R.I.P. Johnny Winter~~Texas Blues Legend

John

I started hearing rumors on the interwebs last night that Johnny Winter had died, but couldn’t find any confirmation until this morning.

At the age of 70, he was still playing and rocking in a world tour. He will be missed and mourned by many.

I first became aware of Johnny and his younger brother Edgar when I was fifteen years old in the summer of 1966. I was on a long summer driving vacation with my parents and middle brother. We had driven down to S.La. to visit relatives in and around Baton Rouge and NOLA. While my parents went into Pat O’Brien’s we sat on the curb outside Preservation Hall listening to those great old jazz musicians while munching corn on the cob.

We then drove across to the Mississippi coast, staying in Gulfport for a few days and visiting the surrounding area, drove up through Starkville and Hattiesburg, then made it to Vicksburg and visited the park and war memorial.

From there we drove down to Houston to visit with my oldest brother, who was on a full ride at UofH as a QB. He was happy to be with us all again in his environment and invited us all to join him at his favorite night club, the Act III, that night to see this amazing band with two albino brothers.

Being under age, my parents had to do some fast and smooth talking to get my brother and I inside. Once inside we had a big table to accommodate us and many of my big bruh’s friends who came by.

I had never been inside a night club/bar before and was quite wide-eyed, observing how every one behaved and interacted, but mostly I couldn’t take my eyes off of the two brothers playing their hearts out.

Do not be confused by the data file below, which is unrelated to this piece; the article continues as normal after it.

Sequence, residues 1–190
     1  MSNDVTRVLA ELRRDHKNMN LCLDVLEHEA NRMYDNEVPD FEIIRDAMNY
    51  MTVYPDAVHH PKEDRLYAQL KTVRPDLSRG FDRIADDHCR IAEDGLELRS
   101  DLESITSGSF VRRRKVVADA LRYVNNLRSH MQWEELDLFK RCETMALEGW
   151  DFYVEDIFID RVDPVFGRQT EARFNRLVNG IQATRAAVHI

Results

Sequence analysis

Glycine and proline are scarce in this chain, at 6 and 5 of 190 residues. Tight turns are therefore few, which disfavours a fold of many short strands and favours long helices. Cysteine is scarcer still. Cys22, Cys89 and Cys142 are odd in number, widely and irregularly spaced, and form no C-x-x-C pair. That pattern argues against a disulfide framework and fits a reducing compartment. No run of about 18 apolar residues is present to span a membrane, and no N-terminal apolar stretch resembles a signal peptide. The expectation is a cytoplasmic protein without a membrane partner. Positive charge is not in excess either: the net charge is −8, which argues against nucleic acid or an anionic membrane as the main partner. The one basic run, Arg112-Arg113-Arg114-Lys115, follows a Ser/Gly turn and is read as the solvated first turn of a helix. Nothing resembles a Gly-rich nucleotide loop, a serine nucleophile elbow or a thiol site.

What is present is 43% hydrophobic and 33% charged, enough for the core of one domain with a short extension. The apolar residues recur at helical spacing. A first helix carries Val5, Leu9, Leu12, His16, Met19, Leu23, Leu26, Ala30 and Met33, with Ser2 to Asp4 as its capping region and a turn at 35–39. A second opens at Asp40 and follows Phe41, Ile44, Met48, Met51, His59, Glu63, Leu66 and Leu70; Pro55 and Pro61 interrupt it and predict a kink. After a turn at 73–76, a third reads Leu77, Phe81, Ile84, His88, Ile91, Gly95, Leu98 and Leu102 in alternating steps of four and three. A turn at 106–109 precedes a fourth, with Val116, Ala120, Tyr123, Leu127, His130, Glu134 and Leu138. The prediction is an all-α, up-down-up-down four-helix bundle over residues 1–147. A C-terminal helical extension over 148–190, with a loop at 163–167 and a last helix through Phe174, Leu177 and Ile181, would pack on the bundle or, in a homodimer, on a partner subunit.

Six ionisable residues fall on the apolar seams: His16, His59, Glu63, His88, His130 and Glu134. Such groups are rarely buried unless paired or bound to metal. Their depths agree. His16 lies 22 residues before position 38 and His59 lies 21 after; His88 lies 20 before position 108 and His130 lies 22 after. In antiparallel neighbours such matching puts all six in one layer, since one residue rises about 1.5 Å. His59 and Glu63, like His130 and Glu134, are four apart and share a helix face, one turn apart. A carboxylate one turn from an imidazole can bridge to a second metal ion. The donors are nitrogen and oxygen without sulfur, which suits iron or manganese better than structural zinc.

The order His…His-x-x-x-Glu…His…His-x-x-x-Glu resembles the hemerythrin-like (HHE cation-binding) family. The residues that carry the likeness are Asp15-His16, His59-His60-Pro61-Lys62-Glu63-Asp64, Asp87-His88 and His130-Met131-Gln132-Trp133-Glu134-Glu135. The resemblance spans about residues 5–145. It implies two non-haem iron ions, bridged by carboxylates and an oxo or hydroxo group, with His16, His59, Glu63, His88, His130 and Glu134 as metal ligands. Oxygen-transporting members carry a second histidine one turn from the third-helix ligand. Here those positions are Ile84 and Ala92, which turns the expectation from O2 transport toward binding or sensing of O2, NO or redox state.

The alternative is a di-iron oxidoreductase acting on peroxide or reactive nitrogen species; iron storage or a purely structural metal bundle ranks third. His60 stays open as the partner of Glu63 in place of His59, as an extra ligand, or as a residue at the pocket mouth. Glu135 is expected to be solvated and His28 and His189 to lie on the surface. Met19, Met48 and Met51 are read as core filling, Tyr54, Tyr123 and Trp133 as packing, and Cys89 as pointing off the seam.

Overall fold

To this day I can still visualize that night and Johnny wailing on his guitar. I was not surprised with his becoming famous just a few years later.

Day by day, the iconic musicians of my youth are leaving us.

Be at peace, Johnny, you will always be remembered.

*Johnny’s WIKI page.*

Fantastic piece at Gibson Guitar, Johnny Winter Remembered.

The Blues is Alright

I grew up in Jackson, MS aka the Crossroads of the South, the home of MALACO Records and their homegrown label, Chimneyville Records.

King Floyd’s “Groove Me” was a huge hit for the label in the early 70’s, and it was kind of cool to know that R&B hits were recorded just down the street, and even cooler to say one of your friends played background horns for King Floyd, or Jean Knight’s “Mister Big Stuff”, Little Milton’s “The Blues is Alright”, and my personal favorite — any of a half dozen tunes from ZZ Hill including this nugget “Someone Else Been Stepping In.”

The magic behind Malaco, the “Creole Beethoven”,  passed away almost two years ago. RIP Wardell. You made a difference

SRV: Life Without You

Highsteppin’ and Fancy Dancing

When you’re looking at the world and you’re wondering what’s wrong with everything but you.

Wake Up!

Live from Memphis ………

Dixie Diner

Back in the days when WZZQ was helping to make a star out of Dan Fogelberg, another relatively unknown band was earning a lot of local air-play. And deservedly so: The Highsteppers were a powerful blend of hard-driving Dixie-flavored bluesrock with a sound that rivaled Little Feat for pure intensity. And nobody does intensity like Larry Raspberry.